What was a prolonged hibernation for “Risky Business,” after its brief burst of ballyhoo early last summer, has finally ended. The well-paid consultants and staffers for megarich global warming activist Tom Steyer (pictured in center) are back after his failed financial foray ($74 million) to elect Democrats to the Senate.
After the June 2014 release of its first report, Risky Business: The Economic Risks of Climate Change in the United States, they decided to carve that sucker up by geography. Last week they announced to the world that we first must alert folks in flyover country with the new report, Heat in the Heartland: Climate Change and Economic Risk in the Midwest. It’s clear from their Web site that future regional reports are to come. Steyer’s Risky Business partners Michael Bloomberg and Henry Paulson also threw their names on the Midwest report “findings.”
It contains all the global alarm and climatic catastrophism you’d expect from these “nonpartisan” plutocrats. The Risky Business guys want to make sure you know that they don’t “dictate the solutions” to climate change, while at the same time emphasizing that government and the private sector must “act now” to reduce greenhouse gas emissions – namely, carbon dioxide from burning fossil fuels.
“As a lifelong Midwesterner, I’m gravely concerned that our ‘business as usual’ path is dangerous, unsustainable and threatens our way of life,” Paulson said. “Our business leaders, our cities, and our investment community need to focus on these risks and act now before it’s too late.”
“This new report finds what more and more business leaders are already recognizing: Climate risks are real and too dangerous to ignore,” said Bloomberg.
It must be reiterated, however, that there is no dictating going on here (!) and Risky Business’s projections are fully scientific and on the up-and-up. Just because they hired two firms – the Rhodium Group and Risk Management Solutions – that make their money on forecasts about hazards and consequences (whether there actually are any or not) is irrelevant. According to the Risky Business Web site the Rhodium Group’s expertise is the analysis of “disruptive global trends,” while Risk Management Solutions is the “world’s largest catastrophe-modeling company for insurance, reinsurance, and investment-management companies around the world.”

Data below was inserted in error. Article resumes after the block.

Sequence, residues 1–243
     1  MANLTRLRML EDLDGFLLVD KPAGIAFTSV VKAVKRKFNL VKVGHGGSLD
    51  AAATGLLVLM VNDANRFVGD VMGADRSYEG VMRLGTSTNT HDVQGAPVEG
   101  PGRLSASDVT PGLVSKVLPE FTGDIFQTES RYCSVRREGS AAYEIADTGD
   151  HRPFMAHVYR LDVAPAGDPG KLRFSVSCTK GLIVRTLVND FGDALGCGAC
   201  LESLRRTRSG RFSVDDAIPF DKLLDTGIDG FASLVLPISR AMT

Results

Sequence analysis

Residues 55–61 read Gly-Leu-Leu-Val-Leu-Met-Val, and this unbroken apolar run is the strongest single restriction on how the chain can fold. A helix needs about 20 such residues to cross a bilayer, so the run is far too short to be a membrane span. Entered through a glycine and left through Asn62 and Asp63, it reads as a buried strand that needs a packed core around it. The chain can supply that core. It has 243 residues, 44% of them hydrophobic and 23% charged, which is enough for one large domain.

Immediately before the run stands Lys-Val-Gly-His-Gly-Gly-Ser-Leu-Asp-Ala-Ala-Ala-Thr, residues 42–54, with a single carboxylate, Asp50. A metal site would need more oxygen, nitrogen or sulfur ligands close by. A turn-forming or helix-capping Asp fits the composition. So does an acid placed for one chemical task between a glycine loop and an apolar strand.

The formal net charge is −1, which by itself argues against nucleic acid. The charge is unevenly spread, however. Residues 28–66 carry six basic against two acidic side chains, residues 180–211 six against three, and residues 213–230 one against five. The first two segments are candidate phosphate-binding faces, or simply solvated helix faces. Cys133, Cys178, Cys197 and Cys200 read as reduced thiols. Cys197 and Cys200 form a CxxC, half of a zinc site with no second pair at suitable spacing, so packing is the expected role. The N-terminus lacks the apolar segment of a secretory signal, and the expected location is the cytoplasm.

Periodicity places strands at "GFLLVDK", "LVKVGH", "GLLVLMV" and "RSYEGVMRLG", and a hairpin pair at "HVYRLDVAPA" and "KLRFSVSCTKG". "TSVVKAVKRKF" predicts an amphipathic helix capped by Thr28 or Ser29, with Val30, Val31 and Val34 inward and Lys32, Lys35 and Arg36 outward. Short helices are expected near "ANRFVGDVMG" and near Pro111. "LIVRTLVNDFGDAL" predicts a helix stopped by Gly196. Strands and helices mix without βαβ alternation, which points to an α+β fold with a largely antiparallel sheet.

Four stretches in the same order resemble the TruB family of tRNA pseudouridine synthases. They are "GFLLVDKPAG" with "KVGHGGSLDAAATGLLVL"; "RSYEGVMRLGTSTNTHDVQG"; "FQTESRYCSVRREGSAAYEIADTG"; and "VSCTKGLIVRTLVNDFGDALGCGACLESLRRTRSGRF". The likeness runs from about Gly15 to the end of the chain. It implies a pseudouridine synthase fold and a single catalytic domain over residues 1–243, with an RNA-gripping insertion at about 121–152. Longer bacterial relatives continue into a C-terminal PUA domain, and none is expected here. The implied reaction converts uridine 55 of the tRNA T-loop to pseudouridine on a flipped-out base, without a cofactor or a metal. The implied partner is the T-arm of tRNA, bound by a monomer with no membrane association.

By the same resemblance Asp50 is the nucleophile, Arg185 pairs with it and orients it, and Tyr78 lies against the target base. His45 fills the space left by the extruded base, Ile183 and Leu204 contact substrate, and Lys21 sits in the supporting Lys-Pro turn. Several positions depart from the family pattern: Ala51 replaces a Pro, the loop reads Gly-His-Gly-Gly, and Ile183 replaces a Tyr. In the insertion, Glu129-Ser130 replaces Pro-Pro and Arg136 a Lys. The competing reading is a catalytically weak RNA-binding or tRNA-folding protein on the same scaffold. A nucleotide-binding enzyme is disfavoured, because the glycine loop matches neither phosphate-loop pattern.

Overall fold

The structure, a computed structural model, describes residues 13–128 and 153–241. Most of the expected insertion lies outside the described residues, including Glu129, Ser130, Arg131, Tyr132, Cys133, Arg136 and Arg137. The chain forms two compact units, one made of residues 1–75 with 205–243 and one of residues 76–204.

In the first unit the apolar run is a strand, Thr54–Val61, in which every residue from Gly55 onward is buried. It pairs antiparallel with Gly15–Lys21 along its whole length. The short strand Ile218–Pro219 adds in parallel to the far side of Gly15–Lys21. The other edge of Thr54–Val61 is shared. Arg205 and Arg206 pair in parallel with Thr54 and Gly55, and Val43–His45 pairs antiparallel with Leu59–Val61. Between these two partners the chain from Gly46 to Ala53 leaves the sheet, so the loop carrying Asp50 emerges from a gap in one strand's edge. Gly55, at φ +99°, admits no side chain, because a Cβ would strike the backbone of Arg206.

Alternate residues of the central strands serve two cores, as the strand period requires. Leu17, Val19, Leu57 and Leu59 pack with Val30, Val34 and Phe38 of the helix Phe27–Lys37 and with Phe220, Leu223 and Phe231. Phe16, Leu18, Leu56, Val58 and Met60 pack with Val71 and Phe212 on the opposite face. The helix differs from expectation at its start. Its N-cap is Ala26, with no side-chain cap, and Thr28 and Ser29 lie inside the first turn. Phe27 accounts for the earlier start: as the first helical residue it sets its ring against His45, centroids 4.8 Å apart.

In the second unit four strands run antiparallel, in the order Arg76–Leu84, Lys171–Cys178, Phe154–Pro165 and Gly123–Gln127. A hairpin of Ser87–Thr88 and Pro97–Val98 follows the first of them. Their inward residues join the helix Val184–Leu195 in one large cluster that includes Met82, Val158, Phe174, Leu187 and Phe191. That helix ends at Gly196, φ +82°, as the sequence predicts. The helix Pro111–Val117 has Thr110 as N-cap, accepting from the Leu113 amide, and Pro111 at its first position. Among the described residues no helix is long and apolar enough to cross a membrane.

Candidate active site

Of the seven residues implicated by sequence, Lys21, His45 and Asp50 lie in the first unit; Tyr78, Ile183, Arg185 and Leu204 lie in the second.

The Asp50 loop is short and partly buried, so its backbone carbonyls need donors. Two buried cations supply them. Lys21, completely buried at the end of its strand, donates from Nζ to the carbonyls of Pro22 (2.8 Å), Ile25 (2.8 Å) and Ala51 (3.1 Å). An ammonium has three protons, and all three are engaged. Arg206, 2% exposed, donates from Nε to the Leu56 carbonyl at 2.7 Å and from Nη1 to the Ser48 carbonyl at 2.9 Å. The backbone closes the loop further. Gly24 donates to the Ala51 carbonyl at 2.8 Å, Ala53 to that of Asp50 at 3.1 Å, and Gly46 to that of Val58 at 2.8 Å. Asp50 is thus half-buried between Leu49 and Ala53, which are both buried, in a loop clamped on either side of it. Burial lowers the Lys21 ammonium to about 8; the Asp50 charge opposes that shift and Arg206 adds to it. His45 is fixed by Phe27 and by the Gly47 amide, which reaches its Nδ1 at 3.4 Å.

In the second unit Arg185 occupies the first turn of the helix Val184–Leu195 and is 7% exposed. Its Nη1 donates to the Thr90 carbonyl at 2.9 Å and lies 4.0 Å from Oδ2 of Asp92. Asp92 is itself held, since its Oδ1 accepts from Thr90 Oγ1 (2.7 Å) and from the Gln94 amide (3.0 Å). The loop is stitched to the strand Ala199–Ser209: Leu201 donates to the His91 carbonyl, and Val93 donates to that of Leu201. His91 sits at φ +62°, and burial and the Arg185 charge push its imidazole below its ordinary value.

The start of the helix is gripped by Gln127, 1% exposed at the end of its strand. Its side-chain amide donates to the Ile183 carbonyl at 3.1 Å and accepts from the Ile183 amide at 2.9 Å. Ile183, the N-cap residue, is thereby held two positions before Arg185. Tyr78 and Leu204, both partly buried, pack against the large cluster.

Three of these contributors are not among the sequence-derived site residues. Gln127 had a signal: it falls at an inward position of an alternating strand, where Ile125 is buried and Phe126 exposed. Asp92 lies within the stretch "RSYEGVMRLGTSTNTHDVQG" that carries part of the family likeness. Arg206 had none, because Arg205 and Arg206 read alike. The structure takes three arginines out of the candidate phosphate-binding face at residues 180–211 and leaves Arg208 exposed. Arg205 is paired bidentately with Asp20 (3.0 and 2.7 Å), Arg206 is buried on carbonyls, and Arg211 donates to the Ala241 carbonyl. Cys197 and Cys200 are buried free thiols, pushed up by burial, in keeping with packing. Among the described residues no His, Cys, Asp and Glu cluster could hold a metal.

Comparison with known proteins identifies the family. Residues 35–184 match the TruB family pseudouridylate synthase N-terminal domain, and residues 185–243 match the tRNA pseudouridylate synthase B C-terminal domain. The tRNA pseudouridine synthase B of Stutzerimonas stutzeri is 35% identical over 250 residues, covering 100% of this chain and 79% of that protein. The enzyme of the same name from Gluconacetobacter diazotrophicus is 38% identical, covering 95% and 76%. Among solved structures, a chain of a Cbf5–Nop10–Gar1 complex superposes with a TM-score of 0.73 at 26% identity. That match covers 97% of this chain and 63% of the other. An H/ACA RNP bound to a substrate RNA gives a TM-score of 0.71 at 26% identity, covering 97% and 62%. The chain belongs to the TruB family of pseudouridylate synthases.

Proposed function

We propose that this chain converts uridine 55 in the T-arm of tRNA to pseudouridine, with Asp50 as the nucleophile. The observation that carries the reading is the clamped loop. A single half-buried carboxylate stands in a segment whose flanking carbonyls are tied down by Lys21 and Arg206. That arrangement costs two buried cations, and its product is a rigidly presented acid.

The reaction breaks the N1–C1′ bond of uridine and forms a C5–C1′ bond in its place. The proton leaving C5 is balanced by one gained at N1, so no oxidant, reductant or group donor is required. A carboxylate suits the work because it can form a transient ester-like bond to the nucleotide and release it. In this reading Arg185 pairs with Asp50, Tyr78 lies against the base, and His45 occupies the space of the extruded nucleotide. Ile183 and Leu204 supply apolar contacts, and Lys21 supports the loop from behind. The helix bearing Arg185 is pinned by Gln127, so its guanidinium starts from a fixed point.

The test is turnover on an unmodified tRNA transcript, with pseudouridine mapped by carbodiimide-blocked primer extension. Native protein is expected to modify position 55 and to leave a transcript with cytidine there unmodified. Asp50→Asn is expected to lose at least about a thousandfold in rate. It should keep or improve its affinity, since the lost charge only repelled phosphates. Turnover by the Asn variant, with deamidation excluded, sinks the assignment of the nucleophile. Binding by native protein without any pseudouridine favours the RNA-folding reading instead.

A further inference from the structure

Also on the forecast team, as lead scientist, was alarmist climate scientist Dr. Robert Kopp of Rutgers University, who believes “we are inducing planetary environmental conditions like those that Earth has not experienced for millions of years.” His fellow climate projectors, identified as his “Expert Review Panel,” consist of a Who’s-Who of among atmospheric fearmongering, including Kerry Emanuel, Katherine Hayhoe, Michael Oppenheimer, and Nicholas Stern. While their bias-influenced climate models continue to show future dire consequences as a result of greenhouse gases, satellite data show no planetary warming for 18 years and three months – or since October 1996.
Nevertheless the Risky Business reporters assert the U.S. climate “is paying the price” for past “business decisions,” allegedly coming in the form of “increased storm damage and more extreme heat….” The Climate Prospectus composed by Kopp and Company contends there are future economic risks “from increased flooding and storm damage, to climate-driven changes in crop yields and labor productivity, to heat-related strains on energy and public health systems.” Even the National Hockey League will not be spared! (Page 36)
Yet trends show no such phenomena. Despite past predictions to the contrary from the alarmists, flooding has not increased, the tornado count has dropped to record low levels for three consecutive years, and the frequency of 90-degree days in the U.S. has fallen. This is in addition to the 18-year pause in warming.
Of course this is all intended to be Midwest-centric, so Risky Business “Project Risk Committee Chairman” Greg Page – who is executive chairman of agribusiness giant Cargill – was also enlisted to try to boost credibility for the report.
“A changing climate will present new risks and new opportunities as we face the complex task of producing enough food, feed and fuel for a world on its way to 9 billion people,” Page said in a press release. “Given the importance of the Midwestern United States to the world’s agricultural production, it would be irresponsible to dismiss these projections lightly.”
Why would Cargill have an interest in pushing policy changes via Risky Business? It might have to do with their huge production (and millions of dollars spent lobbying) of ethanol and biofuels, which thrive primarily thanks to government mandates and subsidies rather than free-market demand.
So this month it’s the Midwest; in another few months it might be the Southeast (perhaps coastal threats), the Pacific Northwest (maybe the fishing industry), or the West (wine country!). Everywhere there will be a “risk” to report for Steyer, Paulson, and Bloomberg, and no one will spared, unless we act now.
Just don’t call it “dictating!”
Paul Chesser is an associate fellow for the National Legal and Policy Center and publishes CarolinaPlottHound.com, an aggregator of North Carolina news.